Shellmounds, Shipyards, and Exploding Islands
These are celebratory times for the San Francisco Bay. Last year the Bay Bridge turned seventy-five and in May of this year the Golden Gate Bridge follows suit. In 2013, these two sister bridges will welcome a brand new appendage, the East Span of the Bay Bridge. In concert with this engineering feat—the East Span will be the largest self-anchored suspension span bridge in the world—the Bay will host the America's Cup sailing competition; the San Francisco Port will commemorate its sesquicentennial; and a spate of cultural institutions will organize events, tours, and exhibitions.
OMCA’s contribution to this fanfare is a major exhibition focusing on how the Bay informs the lived experience of Californians. Co-organized by curators from the fields of history, science, and art, the exhibition will tackle humans' complex relationship to the Bay—by turns worshipful and destructive, treated as a symbol of opportunity, a source of livelihood or sustenance, the site of recreation, imprisonment, and travel—or just a scenic view.
Last week OMCA convened a symposium to flesh out nascent ideas for the exhibition. Museum professionals don't spend as much time as they'd like discussing big ideas, mired as they are in the minutia of loan forms and installation protocols. The convening was an opportunity to delve into questions at the heart of the exhibition:
• What stories most urgently need to be told?
• What will visitors gain from visiting this exhibition?
• How can you make visitors think seriously about the natural world while they're standing in a concrete museum?
The symposium guests included eight panelists: scientists, artists, historians, museum professionals, designers, OMCA staff, and the three exhibition curators: Louise Pubols and René de Guzman from OMCA, and Robin Grossinger from the San Francisco Estuary Institute. Surrounded by lengths of white butcher paper pinned to the wall and filled with colored notes, the convivial group snacked on egg rolls and shared areas of their own research and interest. The exhibition team listened keenly. They were eager to note specific content ideas, but part of exhibition development is also gauging passion: if the speaker raised her voice or flashed his eyes or spoke with measured emphasis, and if the other participants responded in kind, the topic passed the first litmus test of relevancy to the public.
One topic that immediately sparked passionate dialogue was islands. Haley Pollack, a scholar writing about Angel Island's Immigration Detention Center and historical memory, started off the afternoon's brainstorming session. "Islands are an incredibly resonant concept,” she said. “Can we tell the story of the Bay through the story of the Bay's islands?"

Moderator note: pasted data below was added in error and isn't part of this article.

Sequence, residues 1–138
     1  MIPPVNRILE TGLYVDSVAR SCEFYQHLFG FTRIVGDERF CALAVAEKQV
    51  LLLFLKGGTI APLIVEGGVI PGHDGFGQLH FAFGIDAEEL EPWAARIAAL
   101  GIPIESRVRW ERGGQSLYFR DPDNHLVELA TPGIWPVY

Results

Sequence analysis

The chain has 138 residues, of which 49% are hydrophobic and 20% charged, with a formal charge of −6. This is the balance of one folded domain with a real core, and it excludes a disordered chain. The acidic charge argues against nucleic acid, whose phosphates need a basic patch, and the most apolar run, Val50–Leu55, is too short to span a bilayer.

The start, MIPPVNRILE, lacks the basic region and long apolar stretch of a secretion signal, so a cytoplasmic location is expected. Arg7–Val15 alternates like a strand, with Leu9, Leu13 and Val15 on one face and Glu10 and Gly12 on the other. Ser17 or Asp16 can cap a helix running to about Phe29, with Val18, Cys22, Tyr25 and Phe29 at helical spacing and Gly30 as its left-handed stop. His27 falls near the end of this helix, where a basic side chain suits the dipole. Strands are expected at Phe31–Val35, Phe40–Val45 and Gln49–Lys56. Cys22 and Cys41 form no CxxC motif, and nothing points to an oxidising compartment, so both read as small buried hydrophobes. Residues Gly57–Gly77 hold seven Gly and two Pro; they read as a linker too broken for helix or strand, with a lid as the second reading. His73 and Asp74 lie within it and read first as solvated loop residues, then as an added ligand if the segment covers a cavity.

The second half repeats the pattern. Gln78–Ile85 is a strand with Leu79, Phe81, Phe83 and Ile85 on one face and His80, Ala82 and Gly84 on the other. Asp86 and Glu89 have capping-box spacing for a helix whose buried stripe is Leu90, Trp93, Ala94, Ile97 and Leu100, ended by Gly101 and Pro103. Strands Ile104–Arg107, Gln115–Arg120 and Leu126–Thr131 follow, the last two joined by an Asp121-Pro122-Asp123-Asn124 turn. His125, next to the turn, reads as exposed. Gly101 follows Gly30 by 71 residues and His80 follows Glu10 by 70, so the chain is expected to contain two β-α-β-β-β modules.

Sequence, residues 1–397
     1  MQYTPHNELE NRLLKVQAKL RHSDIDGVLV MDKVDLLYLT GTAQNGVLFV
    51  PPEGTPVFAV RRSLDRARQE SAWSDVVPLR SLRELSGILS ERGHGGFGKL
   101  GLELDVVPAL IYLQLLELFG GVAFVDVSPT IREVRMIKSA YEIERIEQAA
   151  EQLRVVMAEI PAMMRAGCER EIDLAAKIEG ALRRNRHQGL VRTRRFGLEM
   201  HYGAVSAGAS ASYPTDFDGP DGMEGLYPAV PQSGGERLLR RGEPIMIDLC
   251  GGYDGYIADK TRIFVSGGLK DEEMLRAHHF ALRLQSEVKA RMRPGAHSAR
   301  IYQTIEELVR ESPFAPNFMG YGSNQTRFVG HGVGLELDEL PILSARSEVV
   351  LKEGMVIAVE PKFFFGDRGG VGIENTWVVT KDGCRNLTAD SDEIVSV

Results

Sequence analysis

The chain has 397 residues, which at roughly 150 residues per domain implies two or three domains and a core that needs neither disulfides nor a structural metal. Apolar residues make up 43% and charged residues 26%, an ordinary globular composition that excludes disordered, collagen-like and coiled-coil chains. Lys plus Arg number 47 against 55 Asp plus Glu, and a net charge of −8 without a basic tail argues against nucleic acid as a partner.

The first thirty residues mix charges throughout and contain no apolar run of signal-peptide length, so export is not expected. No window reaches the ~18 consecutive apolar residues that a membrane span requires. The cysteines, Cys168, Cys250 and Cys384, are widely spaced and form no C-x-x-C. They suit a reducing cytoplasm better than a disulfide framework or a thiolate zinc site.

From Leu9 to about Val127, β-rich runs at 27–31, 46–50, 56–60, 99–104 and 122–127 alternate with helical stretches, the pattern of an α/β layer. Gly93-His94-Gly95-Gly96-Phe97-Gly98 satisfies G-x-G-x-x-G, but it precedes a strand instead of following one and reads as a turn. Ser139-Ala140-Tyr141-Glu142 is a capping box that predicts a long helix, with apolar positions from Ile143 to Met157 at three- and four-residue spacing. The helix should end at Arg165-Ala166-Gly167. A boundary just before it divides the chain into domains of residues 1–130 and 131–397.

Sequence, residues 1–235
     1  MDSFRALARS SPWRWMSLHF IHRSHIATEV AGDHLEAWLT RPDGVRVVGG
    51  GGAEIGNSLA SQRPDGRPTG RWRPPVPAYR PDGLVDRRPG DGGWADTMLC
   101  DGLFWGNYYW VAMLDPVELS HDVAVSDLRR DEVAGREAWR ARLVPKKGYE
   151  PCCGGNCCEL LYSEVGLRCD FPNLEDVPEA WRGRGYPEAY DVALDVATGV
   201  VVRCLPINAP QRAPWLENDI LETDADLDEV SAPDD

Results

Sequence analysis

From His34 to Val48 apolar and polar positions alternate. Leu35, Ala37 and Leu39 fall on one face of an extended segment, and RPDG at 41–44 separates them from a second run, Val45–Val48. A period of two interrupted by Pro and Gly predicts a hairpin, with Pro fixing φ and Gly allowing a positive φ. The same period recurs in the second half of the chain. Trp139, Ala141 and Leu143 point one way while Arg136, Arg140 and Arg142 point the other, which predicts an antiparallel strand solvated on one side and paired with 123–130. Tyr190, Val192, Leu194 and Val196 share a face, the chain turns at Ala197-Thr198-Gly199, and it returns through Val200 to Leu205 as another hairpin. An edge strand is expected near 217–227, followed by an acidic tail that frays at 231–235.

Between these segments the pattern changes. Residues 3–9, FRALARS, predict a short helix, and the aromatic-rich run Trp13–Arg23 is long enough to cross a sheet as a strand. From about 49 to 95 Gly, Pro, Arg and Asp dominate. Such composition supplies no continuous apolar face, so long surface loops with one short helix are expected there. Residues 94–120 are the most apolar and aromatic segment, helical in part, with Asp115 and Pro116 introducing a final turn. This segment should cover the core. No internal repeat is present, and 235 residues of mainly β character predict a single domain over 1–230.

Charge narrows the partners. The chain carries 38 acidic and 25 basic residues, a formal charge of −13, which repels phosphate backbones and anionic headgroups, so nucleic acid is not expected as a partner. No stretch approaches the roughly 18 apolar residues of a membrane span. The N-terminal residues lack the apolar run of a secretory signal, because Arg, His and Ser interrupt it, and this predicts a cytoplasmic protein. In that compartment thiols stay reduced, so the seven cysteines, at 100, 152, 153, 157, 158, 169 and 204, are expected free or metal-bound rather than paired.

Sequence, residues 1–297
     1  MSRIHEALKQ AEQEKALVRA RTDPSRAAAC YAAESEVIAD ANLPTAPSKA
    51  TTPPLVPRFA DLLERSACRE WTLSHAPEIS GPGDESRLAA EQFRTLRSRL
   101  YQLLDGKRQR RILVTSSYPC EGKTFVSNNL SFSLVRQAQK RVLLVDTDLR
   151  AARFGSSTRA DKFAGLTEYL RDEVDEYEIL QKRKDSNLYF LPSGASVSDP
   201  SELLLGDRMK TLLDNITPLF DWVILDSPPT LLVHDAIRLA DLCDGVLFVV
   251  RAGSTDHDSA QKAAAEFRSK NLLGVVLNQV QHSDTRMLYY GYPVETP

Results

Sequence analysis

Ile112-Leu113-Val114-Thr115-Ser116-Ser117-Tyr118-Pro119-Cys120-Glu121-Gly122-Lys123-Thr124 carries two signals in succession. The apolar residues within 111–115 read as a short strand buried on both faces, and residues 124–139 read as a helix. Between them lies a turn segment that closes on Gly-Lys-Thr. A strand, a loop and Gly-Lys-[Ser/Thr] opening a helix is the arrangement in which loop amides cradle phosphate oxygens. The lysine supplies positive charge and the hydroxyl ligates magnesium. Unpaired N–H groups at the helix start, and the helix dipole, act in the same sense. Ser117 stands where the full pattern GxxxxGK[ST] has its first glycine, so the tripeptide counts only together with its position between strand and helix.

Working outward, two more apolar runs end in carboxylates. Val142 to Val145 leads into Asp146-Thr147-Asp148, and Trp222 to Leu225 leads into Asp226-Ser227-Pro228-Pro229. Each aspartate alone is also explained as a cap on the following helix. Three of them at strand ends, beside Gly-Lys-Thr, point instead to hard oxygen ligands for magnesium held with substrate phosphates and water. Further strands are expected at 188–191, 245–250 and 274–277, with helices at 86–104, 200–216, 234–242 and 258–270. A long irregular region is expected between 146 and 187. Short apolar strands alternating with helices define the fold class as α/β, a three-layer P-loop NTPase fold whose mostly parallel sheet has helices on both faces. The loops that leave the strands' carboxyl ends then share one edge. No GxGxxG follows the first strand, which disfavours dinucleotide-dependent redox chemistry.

There are some thirty-one islands in the San Francisco Bay, five of them inhabited, each with a unique history that merges the natural and cultural worlds. There are the immigration travails of Angel Island, the ghoulish tours of Alcatraz, and the oddity of Red Rock Island, which is privately owned by a gem dealer in Thailand and currently for sale.
Several of the smaller islands are, strictly speaking, large rocks. Among them are several ghost rocks, or islands that once dotted the Bay waterscape but no longer exist. Blossom Rock, for instance, was a land mass submerged just five feet below water surface that for many decades wrecked destruction on any hull that trawled its surface. A ship captain noted in the early 1800s that it was possible to avoid the treacherous rock by precisely aligning the tip of Yerba Buena Island between two giant redwood trees in the East Bay hills and navigating thusly. When the two trees were logged in 1851, his directions were futile, and Blossom Rock became critically dangerous to ship traffic. In 1867, the top of the island was dynamited; a second, deeper explosion took place in the 1930s, to accommodate ever larger ships.
Arch Rock, a small island and bird habitat white with several centuries worth of guano, met a similar fate, in 1901. (As reported by the New York Times, the explosion was the second largest ever in the United States.) Such anecdotes speak to the ways in which the Bay has been subject to human interventions for millennia.
Matthew Coolidge, founder of an education and research organization called the Center for Land Use Interpretation, argued for the preeminence of Treasure Island. "[Treasure Island] is really the übersite when we talk about the Bay—it's an artificial island in the Bay built from scratch for an exposition to celebrate the Bay [Golden Gate Exposition of 1939-40]. Doesn't get much more Bay than that."
After its construction, Treasure Island subsequently became a naval base, then a popular location for film shoots. Now it’s home to several housing developments, many of them low-income housing. Despite the residential development, however, Coolidge noted that "Treasure Island is completely seismically unsound."